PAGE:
III official calls on Michigan lawmakers to address auto insurance costs

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Michigan's high auto insurance costs are driven by unlimited claims provision, expert says

The Michigan Legislature is debating means of lowering auto insurance costs for state residents, but Insurance Information Institute president Dr. Robert Hartwig says the high costs are driven by just one factor.

That factor is the provision for unlimited claims in no-fault accidents, he says. Michigan is the only state to allow unlimited no-fault claims, and for good reason: "with unlimited benefits come unlimited costs," Hartwig said.

Because there are no limits on claims for post-accident healthcare expenses, Michigan insurers are subject to "the full force and fury" of rapidly increasing healthcare costs, Hartwig suggested. The average no-fault auto insurance claim rose from $9,103 in 1998 to $31,883 in 2007, and there is no state office checking for fraudulent claim activity.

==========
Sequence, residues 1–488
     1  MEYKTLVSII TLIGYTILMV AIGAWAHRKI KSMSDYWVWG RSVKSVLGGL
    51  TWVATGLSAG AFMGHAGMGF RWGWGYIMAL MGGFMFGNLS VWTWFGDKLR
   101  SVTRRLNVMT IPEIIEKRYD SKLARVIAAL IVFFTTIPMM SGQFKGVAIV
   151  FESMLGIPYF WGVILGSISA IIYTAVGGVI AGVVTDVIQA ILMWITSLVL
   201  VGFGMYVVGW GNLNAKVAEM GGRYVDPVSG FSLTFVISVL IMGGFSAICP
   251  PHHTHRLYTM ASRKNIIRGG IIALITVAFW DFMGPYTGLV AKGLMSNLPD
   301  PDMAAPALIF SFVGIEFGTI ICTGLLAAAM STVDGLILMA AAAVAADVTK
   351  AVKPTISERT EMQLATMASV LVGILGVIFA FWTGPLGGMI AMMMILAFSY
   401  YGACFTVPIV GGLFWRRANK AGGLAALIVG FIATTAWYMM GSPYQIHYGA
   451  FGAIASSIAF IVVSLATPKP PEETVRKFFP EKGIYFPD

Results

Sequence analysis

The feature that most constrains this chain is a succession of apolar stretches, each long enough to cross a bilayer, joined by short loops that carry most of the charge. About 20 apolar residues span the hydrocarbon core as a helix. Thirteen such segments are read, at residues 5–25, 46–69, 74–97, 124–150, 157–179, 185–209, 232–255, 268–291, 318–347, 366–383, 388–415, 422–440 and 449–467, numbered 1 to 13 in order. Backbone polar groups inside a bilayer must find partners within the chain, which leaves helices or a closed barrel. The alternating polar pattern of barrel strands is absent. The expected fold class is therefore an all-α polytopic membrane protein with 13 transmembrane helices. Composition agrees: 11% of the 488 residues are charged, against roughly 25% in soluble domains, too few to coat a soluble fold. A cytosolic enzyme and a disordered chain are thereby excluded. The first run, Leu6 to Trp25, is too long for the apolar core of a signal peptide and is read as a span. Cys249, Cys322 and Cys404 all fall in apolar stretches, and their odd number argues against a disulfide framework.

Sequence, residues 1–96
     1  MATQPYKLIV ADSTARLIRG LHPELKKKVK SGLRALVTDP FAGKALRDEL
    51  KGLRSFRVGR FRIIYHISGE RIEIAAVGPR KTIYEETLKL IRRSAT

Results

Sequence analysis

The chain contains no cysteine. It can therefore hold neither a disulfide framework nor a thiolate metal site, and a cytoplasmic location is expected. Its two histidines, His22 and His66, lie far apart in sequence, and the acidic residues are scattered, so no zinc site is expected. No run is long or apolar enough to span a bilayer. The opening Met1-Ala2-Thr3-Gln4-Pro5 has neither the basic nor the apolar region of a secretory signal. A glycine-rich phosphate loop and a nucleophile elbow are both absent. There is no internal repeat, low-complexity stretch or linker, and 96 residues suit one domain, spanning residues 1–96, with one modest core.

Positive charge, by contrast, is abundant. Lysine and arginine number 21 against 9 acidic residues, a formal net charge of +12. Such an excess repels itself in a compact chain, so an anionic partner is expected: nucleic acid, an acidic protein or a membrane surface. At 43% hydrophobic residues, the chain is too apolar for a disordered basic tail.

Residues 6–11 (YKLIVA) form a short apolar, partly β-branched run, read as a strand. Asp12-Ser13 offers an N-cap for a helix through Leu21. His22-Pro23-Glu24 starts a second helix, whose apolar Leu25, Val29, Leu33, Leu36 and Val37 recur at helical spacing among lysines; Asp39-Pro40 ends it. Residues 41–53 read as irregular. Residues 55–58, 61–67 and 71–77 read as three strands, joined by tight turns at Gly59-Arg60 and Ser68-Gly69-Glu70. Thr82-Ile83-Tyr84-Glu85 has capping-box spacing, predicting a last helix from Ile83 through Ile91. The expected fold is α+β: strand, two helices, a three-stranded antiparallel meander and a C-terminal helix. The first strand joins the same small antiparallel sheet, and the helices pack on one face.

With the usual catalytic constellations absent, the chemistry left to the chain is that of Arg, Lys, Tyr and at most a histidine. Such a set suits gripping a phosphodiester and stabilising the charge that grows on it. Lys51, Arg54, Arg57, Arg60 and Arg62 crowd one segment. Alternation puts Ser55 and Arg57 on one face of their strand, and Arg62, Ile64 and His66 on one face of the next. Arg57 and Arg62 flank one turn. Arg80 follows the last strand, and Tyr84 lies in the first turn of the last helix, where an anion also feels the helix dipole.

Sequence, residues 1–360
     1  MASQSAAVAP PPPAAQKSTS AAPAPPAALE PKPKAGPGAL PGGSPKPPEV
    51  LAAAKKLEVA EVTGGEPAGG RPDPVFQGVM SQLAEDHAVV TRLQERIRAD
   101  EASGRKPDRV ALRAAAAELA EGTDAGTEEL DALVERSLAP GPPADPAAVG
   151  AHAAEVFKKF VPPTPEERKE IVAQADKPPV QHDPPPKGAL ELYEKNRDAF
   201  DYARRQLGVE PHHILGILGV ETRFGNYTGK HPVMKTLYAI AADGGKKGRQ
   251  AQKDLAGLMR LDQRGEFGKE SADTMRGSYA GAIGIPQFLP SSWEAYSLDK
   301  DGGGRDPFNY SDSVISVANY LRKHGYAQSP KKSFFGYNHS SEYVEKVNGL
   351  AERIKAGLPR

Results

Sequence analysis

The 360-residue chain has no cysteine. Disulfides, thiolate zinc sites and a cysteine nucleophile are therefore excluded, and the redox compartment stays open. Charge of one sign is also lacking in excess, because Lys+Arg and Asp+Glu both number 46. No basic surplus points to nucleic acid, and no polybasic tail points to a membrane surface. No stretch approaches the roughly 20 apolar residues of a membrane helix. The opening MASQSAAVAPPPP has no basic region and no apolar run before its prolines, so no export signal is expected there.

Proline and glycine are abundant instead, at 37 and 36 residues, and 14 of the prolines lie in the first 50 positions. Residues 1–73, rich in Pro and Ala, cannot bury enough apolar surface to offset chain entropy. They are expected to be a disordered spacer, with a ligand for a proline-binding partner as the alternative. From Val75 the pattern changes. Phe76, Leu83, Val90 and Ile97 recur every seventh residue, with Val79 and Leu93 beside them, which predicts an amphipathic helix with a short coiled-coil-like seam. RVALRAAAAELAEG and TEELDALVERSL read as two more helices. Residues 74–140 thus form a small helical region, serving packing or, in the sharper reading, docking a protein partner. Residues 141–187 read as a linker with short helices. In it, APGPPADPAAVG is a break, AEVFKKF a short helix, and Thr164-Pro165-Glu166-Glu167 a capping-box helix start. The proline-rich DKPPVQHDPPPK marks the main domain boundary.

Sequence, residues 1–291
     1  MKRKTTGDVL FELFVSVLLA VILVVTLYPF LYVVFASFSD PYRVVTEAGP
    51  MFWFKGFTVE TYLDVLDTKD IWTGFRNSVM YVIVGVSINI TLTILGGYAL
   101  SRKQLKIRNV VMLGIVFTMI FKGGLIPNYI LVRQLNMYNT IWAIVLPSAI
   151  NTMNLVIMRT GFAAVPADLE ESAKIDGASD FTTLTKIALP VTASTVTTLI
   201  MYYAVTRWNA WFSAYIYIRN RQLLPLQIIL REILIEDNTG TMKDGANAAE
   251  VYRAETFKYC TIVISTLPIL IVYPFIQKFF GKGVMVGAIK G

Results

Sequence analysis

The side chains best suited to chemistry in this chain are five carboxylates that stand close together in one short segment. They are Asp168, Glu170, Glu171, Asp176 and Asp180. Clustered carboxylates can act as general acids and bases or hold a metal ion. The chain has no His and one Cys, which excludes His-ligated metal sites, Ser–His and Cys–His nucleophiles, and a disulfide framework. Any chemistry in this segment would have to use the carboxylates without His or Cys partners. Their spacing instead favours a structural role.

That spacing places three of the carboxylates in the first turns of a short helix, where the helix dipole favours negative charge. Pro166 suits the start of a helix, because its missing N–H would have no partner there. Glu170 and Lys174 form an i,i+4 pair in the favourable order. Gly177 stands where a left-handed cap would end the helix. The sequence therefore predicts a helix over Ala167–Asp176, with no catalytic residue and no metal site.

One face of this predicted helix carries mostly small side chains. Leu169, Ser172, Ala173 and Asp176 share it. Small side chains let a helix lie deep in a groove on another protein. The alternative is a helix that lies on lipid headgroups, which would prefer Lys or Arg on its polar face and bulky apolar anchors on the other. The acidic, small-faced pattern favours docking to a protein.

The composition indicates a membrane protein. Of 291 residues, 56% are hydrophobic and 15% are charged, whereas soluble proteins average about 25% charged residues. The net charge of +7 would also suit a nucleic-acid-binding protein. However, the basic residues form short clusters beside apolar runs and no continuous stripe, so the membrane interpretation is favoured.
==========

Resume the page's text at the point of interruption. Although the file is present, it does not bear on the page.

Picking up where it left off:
Both drivers and insurers are hurt by Michigan's unlimited claim policy, data shows. Michigan drivers pay the 11th-highest rates in the nation, but insurers' profits are far below the industry average.

Lack of competition is not a factor in Michigan's high auto insurance premiums, Hartwig said; rather, "cost drivers" are to blame.

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Posted: December 7, 2009

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